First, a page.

Straight -party, or Straight-ticket voting, allows voters to choose a party’s entire slate with just one mark on the ballot. Since 1891 Michigan has used this style of voting.


In the great State of Michigan, Straight-party Voting lives for another Presidential Election after lawmakers tried to eliminate the option from the state’s ballots earlier this year. However, many Michiganders still don’t understand how to vote a ballot Straight-party. For example, many voters don’t know they can vote Split-ticket or Mixed Ballot.


To better explain, a Presidential General Election Ballot in Michigan has three parts; Partisan, Nonpartisan, and Proposals. Straighticket Voting only affects races labeled as Partisan Races. At the top of this November’s ballot is the option to vote Straight Party Ticket. There are seven Parties to choose from this election. If a voter chooses one of those parties then a vote will count for every candidate in the party’s column or race. For example, if a voter votes the Democratic Party in the Straight Party Ticket section of the ballot, then in the offices to follow, each candidate from the Democratic Party will be awarded a vote virtue of that Straight Party vote. If one votes for the Democratic Party in the Straight Party Section then a vote will be cast for the Democratic Presidental candidate likewise for the Representative in Congress, Representative in the State and so on. Keep in mind Straight party voting only affects those races in the Partisan section of the ballot. Those non-partisan offices such as Judicial Races, School boards, and Proposals must be voted on individually.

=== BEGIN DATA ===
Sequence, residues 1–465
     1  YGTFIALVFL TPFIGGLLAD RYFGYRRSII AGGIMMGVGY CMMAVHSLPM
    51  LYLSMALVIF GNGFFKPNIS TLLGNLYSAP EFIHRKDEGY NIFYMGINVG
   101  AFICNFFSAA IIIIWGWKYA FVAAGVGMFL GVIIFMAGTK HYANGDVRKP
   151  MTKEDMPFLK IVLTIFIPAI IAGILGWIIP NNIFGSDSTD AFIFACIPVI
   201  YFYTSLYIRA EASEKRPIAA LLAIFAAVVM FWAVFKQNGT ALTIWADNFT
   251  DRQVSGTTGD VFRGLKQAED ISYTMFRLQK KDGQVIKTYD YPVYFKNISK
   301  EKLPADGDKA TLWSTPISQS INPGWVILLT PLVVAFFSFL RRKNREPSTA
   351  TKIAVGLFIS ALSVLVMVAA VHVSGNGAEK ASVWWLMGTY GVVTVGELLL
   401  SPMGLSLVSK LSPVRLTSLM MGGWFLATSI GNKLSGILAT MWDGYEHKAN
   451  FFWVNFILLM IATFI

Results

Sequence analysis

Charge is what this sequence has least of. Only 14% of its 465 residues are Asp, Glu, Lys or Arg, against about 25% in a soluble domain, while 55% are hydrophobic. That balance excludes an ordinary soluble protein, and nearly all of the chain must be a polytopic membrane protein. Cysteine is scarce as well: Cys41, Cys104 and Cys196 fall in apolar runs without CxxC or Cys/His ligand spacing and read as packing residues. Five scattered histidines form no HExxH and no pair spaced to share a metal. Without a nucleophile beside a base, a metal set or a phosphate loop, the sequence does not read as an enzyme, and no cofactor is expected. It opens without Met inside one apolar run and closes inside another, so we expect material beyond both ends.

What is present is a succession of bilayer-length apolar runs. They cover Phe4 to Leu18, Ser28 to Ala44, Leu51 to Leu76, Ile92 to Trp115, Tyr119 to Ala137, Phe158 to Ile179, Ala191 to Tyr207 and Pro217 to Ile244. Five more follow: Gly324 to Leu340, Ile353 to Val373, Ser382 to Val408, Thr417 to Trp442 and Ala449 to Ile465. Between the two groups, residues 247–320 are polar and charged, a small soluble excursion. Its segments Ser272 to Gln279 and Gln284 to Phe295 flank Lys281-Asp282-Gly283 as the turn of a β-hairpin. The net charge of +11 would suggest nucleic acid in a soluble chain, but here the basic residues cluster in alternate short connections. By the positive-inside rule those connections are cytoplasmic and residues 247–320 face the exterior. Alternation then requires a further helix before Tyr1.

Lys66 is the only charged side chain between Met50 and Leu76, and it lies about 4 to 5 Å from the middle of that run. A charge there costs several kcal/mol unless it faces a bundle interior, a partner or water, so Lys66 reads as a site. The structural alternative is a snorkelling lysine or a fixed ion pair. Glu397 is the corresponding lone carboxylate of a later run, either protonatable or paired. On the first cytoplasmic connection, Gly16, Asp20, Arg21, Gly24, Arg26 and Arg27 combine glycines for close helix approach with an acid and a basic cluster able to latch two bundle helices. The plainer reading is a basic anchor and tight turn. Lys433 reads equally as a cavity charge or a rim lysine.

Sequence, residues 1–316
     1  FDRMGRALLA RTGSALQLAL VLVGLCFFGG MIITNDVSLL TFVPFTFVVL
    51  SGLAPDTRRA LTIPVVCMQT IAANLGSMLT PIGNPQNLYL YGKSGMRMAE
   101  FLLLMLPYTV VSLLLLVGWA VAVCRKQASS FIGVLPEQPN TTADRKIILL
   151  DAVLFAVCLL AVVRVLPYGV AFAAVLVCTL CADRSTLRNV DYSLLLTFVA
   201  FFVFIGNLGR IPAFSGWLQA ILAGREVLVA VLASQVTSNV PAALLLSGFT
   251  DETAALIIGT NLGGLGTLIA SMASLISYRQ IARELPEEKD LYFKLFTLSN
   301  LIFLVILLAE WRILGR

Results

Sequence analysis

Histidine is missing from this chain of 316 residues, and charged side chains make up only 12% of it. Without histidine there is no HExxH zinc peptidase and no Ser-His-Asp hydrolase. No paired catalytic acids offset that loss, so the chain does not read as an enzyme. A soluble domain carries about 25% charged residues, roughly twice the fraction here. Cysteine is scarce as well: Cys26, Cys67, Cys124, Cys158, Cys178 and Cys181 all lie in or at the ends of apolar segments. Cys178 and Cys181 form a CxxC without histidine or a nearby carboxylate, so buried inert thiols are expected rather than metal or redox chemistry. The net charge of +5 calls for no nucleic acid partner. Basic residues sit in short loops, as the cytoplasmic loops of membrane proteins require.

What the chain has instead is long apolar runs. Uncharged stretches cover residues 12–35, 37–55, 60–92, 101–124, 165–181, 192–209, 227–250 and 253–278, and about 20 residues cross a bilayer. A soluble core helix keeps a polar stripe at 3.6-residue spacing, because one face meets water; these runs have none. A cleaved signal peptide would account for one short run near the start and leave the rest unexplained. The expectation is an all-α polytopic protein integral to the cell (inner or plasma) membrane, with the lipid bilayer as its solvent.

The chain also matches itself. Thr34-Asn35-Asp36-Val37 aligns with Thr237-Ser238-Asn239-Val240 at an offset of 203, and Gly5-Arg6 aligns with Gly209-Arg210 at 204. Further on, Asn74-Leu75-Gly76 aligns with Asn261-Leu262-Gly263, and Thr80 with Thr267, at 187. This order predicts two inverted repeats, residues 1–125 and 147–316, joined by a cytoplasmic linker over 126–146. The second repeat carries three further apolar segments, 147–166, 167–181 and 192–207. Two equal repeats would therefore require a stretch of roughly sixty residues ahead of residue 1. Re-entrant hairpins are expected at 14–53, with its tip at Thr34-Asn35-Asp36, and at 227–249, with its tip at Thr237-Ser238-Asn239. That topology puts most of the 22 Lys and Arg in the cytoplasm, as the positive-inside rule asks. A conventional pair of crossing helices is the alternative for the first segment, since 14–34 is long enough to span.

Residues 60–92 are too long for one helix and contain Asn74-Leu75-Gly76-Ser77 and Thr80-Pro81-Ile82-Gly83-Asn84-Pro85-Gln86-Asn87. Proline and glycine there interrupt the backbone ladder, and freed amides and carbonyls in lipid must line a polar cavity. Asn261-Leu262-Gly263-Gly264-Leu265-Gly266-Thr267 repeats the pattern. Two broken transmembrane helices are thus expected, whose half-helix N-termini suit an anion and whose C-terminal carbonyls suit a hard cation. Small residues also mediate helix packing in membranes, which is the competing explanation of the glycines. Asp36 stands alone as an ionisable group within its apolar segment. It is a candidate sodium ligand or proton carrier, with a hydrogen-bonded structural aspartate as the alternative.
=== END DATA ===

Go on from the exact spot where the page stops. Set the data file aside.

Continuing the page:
Voters can also vote Straight-ticket AND vote for individual candidates of their choice under any party’s column or races; this is called Split-ticket. For example, if you chose to vote Republican in the Straight Party section you can vote for a Democratic Treasurer knowing that your votes will count as intended.


Lastly, voters don’t have to choose Straight Party they can vote a Split-ticket by voting for the individual candidates of their choice in each office or race. Candidates appearing under any party column or race can be selected.